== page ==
The operators’ perception of the value of the TV usage data is rapidly changing. Most of them are realizing they may be sitting on a treasure trove of information about viewers’ habits and preferences. The introduction of new consumer technologies, mean that they are about to witness rapid growth, in the velocity, volume, and variety of data that is to come.
Velocity, Volume and Variety
Long fueled by comfortable subscription feed, operators with TV services historically didn’t face the same pressure their pauper, younger cousins in the online video business struggled with. The effort of extracting value from datasets simply wasn’t worth it, or worse, would blur the operators’ image as a trusted provider of premium services.
Historic broadcast protocols (i.e., no return path) wouldn’t allow for much data collection anyways. And even once IP-enabled, the networks, often managed as silos, wouldn’t have much more to offer aside from inexpressive data collected at the household level (e.g., channel zaps, DVR, catch-up, etc.). This is very different compared to the rich, expressive signals of intent typically offered by online services.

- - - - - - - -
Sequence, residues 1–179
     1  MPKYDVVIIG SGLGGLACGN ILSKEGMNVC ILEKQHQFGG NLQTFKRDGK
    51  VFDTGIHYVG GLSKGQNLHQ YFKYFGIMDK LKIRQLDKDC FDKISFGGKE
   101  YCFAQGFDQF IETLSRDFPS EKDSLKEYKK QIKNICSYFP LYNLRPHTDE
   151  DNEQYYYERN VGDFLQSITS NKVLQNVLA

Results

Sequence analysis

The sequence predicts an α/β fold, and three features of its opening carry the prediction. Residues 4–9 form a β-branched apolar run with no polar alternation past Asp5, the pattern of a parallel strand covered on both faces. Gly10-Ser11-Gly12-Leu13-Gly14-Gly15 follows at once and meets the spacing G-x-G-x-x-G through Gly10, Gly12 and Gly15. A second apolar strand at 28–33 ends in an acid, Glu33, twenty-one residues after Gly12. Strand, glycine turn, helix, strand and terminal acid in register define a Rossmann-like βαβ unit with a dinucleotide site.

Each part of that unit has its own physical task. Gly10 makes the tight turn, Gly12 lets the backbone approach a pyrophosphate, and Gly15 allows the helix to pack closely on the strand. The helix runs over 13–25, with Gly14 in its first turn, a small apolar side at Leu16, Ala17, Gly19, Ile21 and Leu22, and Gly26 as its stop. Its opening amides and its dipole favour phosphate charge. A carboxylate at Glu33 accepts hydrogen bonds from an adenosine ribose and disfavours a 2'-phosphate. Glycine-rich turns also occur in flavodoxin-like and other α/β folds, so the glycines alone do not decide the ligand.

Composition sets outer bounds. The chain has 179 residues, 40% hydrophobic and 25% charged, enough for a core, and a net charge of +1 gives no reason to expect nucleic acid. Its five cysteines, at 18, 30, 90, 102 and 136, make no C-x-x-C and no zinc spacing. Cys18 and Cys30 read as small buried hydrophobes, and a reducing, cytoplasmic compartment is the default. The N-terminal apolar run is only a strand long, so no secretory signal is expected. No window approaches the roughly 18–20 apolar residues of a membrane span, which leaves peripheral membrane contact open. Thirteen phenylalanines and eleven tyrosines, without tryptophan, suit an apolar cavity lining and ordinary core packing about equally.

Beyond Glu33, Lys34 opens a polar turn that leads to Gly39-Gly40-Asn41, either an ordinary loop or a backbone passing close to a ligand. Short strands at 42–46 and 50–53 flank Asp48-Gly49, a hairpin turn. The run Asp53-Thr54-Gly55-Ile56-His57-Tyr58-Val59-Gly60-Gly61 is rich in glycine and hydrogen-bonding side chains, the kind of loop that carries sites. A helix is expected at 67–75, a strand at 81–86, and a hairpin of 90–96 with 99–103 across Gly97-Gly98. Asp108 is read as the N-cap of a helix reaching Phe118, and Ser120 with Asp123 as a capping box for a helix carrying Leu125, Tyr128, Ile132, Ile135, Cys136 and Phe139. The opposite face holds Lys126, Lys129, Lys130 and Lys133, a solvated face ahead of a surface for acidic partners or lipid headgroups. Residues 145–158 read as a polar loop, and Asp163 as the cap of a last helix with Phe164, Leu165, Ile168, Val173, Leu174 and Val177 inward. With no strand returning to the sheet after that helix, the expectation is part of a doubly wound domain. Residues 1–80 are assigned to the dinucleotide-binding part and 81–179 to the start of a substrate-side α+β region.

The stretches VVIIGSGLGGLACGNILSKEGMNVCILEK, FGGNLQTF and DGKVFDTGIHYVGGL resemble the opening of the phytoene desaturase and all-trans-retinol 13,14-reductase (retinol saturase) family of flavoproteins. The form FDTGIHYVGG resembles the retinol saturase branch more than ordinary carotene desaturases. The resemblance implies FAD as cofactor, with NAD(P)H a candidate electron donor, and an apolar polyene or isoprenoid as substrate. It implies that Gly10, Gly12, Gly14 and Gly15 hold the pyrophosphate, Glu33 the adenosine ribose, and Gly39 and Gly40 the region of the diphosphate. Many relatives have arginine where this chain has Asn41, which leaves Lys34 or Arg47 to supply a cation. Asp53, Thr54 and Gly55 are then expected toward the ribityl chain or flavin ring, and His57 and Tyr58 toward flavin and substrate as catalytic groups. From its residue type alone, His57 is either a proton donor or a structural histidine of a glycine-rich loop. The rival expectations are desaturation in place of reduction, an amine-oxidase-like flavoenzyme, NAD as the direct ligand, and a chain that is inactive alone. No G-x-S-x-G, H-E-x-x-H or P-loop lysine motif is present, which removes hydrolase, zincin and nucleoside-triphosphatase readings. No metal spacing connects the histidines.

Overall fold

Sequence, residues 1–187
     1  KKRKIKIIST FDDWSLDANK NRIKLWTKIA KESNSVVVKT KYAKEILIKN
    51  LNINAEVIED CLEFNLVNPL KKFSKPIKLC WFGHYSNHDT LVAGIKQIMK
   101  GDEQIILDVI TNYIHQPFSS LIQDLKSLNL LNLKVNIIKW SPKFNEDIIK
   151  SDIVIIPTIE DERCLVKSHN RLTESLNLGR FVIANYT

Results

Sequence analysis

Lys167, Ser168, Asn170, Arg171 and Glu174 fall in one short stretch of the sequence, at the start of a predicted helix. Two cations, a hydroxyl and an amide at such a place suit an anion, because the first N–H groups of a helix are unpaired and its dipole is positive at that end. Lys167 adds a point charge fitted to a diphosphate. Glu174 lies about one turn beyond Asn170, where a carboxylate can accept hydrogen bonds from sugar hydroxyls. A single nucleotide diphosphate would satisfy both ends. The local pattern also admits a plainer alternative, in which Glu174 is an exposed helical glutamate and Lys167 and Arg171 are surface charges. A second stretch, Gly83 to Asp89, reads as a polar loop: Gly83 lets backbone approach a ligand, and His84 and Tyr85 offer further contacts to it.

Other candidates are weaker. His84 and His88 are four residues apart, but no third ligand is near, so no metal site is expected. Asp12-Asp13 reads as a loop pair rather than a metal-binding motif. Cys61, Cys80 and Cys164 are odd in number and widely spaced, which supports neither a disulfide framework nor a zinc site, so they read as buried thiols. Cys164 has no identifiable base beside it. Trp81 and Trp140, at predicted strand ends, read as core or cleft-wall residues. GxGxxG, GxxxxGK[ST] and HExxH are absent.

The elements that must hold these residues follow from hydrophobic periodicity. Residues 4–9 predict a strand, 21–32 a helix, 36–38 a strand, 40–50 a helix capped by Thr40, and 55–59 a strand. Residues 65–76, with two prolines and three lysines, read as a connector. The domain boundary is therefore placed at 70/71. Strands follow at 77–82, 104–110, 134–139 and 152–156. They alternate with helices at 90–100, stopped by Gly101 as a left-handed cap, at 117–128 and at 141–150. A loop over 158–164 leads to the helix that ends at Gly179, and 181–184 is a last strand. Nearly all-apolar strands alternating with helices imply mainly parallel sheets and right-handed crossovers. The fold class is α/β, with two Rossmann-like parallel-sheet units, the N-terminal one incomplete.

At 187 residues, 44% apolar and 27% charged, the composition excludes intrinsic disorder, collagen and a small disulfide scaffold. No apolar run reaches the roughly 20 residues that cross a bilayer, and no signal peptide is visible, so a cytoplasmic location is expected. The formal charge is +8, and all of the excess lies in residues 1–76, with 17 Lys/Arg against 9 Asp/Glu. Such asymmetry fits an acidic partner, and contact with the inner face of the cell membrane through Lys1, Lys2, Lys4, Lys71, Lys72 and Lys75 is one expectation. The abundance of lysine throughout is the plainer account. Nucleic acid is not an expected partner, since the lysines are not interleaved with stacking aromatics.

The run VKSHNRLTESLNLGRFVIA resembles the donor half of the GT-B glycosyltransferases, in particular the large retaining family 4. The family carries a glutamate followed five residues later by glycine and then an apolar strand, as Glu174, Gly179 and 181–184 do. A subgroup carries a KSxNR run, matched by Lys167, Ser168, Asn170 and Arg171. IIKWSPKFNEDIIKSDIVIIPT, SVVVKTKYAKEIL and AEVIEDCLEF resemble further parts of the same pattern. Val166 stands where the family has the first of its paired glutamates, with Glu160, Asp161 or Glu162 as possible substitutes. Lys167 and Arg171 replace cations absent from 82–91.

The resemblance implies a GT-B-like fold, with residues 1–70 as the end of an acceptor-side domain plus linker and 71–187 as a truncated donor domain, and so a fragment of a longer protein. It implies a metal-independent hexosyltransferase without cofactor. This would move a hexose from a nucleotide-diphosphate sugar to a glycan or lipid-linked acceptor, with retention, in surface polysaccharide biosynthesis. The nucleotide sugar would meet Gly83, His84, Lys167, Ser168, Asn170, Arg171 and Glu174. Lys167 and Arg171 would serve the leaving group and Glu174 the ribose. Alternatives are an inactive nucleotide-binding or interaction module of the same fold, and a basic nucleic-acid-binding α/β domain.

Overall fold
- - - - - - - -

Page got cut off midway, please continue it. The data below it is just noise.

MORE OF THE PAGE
This situation is further complicated by stringent legal or regulatory requirements that protect the privacy of viewers by forbidding the unilateral sharing of personally identifiable viewing records (e.g., the Video Privacy Protection Act or the Cable Communications Policy Act in the United States).